Stephen King’s sequel to The Shining stands alone

Lovers of Stephen King’s The Shining may be questioning if King’s new sequel, Doctor Sleep, is up to par. With Jack Torrance’s fierce alcoholism and the surreal setting of the desolate Overlook in Colo., along with a cast of characters that may or may not be real, The Shining stands as a testament to the horrors of the mind and the past.

Doctor Sleep returns with Danny Torrance years down the road, with alcoholism and demons shadowing his every move. However, along with possessing “the shining”, his psycho-intuitive power, he can help those who are about to die, leading him to work in hospices all over America. Being able to peacefully “transition” people into a peaceful death sleep, he earns the nickname Doctor Sleep.

Danny then meets Abra, a young girl with a shining even more powerful than his. As it so happens, she’s about to be in trouble — big trouble. People who may or may not be living are looking for her, troving the nation in overly cheerful t-shirts. While readers may see Abra and Danny’s relationship as a cheap play off of the mentorship of Dick, the chef from Overlook who first explained to Danny what the shining was, it works. Abra is fierce, intelligent and full of a vivacity that makes her character a wonderful one to discover.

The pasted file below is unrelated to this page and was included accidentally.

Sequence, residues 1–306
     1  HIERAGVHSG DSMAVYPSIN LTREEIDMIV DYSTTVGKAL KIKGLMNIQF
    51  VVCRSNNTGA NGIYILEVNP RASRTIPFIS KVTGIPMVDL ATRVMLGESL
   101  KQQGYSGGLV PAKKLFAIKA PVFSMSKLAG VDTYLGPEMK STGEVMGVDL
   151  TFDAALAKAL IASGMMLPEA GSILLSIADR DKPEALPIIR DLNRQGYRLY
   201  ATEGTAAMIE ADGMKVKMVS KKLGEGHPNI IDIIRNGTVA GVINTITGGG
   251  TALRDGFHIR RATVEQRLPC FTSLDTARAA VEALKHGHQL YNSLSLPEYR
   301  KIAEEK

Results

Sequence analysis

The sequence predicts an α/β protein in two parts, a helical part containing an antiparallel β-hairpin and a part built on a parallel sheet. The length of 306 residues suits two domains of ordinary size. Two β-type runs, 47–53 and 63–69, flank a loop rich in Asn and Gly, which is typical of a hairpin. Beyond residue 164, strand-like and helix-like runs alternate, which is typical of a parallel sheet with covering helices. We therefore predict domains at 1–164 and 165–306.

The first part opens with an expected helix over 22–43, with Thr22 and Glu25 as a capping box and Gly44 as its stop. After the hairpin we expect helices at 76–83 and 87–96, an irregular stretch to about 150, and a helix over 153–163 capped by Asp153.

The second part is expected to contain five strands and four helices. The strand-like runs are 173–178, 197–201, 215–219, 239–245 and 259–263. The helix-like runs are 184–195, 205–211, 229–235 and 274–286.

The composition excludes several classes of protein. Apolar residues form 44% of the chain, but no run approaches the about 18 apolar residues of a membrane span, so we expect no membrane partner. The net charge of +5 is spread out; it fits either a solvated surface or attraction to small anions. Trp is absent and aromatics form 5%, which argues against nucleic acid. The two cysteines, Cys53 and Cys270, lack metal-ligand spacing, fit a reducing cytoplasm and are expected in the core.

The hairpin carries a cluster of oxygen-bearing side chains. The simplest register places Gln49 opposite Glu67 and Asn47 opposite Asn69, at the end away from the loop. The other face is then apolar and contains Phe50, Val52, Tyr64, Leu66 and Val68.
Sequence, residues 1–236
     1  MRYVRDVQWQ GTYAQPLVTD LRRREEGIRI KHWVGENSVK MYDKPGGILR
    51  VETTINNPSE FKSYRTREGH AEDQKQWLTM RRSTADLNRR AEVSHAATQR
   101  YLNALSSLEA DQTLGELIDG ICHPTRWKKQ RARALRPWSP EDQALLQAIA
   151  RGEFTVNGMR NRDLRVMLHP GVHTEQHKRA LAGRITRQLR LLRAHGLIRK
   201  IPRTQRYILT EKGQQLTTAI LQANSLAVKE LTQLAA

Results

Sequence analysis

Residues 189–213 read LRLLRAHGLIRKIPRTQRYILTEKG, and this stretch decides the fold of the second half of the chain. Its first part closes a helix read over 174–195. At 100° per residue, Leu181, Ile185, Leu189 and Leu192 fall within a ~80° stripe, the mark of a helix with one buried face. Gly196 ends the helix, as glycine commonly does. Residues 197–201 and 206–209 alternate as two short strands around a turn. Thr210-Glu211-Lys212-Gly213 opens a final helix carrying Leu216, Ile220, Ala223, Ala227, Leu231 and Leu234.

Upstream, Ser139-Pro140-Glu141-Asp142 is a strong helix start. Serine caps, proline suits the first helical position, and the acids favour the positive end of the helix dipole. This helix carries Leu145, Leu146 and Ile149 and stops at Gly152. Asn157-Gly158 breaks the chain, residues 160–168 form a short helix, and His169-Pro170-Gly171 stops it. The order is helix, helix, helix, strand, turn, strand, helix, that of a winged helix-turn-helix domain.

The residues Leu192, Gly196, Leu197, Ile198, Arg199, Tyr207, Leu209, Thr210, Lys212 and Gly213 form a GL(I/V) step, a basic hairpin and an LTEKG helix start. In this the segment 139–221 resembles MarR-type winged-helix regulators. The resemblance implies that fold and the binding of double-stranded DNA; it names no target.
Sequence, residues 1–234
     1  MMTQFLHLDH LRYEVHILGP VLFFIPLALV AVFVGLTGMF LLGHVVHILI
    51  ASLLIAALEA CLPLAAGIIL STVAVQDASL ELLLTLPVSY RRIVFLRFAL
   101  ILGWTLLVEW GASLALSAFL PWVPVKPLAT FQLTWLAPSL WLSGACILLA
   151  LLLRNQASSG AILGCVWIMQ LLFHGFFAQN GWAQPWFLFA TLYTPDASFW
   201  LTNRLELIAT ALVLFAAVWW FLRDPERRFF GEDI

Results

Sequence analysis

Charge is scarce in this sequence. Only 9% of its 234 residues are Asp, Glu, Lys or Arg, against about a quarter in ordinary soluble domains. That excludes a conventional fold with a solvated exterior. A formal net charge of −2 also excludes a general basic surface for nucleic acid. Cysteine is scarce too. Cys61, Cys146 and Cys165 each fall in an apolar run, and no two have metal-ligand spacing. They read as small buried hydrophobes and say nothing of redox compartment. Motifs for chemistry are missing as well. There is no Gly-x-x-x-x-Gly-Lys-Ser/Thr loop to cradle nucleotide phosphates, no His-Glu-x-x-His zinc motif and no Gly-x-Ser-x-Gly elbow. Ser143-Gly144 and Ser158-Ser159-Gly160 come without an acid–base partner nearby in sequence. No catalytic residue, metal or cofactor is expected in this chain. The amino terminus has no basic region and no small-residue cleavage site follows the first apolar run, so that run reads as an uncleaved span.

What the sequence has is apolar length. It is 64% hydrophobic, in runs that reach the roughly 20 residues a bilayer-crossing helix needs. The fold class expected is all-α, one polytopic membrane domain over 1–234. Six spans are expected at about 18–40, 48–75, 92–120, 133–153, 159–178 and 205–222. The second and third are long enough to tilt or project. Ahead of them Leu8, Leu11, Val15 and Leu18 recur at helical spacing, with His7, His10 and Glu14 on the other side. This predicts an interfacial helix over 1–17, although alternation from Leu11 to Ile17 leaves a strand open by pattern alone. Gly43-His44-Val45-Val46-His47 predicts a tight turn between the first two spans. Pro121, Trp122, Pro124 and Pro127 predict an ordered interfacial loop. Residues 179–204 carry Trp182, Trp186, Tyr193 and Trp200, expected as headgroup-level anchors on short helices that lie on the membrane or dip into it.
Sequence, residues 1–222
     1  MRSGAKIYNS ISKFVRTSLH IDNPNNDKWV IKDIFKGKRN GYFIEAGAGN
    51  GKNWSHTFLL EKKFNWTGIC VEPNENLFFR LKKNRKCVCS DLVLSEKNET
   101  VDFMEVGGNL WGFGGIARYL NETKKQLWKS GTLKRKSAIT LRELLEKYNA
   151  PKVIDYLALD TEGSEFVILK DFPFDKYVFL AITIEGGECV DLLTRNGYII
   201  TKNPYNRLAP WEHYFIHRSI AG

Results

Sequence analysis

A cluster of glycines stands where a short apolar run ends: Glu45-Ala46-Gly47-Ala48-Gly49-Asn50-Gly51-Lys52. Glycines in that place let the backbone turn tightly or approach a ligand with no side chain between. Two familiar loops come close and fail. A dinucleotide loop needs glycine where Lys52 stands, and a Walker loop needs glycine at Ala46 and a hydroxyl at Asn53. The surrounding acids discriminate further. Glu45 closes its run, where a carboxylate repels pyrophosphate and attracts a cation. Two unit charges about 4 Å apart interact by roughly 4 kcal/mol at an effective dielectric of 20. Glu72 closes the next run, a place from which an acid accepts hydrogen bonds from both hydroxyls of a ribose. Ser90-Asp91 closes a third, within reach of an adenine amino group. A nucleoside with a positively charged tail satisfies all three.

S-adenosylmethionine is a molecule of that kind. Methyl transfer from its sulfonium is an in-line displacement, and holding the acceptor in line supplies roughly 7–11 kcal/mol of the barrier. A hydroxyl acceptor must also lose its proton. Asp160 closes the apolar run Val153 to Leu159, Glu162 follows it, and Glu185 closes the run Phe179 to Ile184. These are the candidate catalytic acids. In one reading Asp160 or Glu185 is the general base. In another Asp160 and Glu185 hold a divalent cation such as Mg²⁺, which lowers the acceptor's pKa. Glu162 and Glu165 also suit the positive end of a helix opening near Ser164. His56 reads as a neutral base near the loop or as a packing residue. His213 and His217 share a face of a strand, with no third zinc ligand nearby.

Stephen King admits that he understands the task in making a sequel to one of the most revered horror stories ever written. However, he also discusses how his books reflect happenings in his life — when he published The Shining, he was an alcoholic himself shaping out his demons. In Doctor Sleep, he’s coming back to that murky past and wondering what happened to the family he dropped into it.

Doctor Sleep brings the darkness, horrible imagery and terror in equal doses in Doctor Sleep, but it’s different. Doctor Sleep recalls the epic story of Jack Torrance, a man seemingly doomed from the beginning, and hints that his son has the same opportunity to go off a twisted path as well, but under different, and perhaps even more awful circumstances. However, the book distances itself from The Shining, with a whole new set of villains as well as a New England setting that feels much more familiar for King. While some of the plot turns feel almost a little too dramatic and at some points it feels like King is struggling to make things work, it stands alone as a compelling book that has its fair share of dark corners and secrets.